After months of denying there was any Russian meddling in the 2016 U.S. election, President Vladimir Putin said Thursday that “patriotic” hackers could have taken it upon themselves to intervene — though not at the behest of the Kremlin.
“Hackers get up in the morning and read the news about international affairs,” Putin told reporters in St. Petersburg Thursday. “If they feel patriotic, they try to make what they see as a fair contribution to the struggle against those who speak ill of Russia.”
After the Democratic National Committee was hacked, WikiLeaks released thousands of emails in July 2016, three days before the start of the Democratic National Convention. Both the U.S. intelligence community and the White House subsequently said they believed Russia was responsible; former CIA Director John Brennan told the House Intelligence Committee last month that Russia “brazenly interfered” in the election.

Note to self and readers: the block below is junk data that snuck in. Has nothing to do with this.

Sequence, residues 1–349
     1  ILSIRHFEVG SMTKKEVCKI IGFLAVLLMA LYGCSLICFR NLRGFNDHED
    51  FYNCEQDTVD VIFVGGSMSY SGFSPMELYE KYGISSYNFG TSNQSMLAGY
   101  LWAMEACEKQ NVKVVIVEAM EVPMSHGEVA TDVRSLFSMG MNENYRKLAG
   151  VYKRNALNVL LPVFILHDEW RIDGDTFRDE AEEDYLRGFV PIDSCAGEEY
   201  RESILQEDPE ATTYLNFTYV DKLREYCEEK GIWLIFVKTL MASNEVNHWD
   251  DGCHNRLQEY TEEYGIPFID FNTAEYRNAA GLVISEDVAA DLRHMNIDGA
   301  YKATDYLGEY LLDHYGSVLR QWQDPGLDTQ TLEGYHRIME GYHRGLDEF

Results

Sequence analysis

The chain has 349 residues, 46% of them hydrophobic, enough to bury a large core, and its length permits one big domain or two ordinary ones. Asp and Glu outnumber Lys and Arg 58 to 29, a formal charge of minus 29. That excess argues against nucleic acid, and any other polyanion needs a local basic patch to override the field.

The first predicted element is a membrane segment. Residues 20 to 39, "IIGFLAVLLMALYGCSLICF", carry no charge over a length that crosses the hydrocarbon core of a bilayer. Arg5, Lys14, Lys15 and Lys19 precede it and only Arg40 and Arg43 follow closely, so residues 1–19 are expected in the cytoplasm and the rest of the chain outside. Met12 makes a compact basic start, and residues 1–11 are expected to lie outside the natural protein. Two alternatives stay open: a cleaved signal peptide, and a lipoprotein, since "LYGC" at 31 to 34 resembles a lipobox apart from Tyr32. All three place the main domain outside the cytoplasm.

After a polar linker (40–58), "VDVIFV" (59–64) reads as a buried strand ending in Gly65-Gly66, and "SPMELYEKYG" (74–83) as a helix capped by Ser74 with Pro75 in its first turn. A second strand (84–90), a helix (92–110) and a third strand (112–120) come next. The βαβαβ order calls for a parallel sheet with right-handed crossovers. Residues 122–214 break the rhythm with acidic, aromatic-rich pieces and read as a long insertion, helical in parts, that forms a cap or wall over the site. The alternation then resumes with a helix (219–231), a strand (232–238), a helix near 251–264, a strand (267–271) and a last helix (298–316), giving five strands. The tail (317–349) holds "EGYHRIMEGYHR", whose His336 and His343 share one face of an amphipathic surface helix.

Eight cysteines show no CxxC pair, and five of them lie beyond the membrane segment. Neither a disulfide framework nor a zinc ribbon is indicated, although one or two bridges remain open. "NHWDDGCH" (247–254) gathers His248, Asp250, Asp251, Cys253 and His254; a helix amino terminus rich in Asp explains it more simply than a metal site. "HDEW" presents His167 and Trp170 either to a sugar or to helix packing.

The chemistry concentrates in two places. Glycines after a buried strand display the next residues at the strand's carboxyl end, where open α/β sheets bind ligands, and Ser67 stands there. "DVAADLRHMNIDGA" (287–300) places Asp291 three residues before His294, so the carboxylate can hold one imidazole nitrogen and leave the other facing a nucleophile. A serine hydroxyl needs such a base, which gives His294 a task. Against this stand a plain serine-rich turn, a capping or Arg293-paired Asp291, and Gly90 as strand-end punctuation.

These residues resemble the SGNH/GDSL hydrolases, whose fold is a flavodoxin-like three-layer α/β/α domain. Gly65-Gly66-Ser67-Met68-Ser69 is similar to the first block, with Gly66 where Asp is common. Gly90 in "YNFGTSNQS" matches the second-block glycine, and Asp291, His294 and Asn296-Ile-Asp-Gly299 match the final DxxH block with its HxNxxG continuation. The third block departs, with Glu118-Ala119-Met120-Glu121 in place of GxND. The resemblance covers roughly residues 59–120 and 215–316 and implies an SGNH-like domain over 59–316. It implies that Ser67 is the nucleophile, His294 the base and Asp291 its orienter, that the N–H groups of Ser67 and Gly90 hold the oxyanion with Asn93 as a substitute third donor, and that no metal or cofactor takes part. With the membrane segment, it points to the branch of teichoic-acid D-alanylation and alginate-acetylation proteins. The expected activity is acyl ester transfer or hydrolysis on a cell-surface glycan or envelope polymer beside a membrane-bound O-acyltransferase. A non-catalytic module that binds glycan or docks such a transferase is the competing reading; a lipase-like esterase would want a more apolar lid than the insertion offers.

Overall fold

Putin’s cryptic comments on Thursday — he also compared hackers to painters — may have represented a subtle shift, but he also said he believed “hackers can’t crucially influence an election in a foreign country. No information will change the minds of a foreign people and the outcome [of an election].”
Last September, however, he seemed to think somewhat differently about the effect information could have on an electorate.
“Does it even matter who hacked this data?” he said at the time. “The important thing is the content that was given to the public.”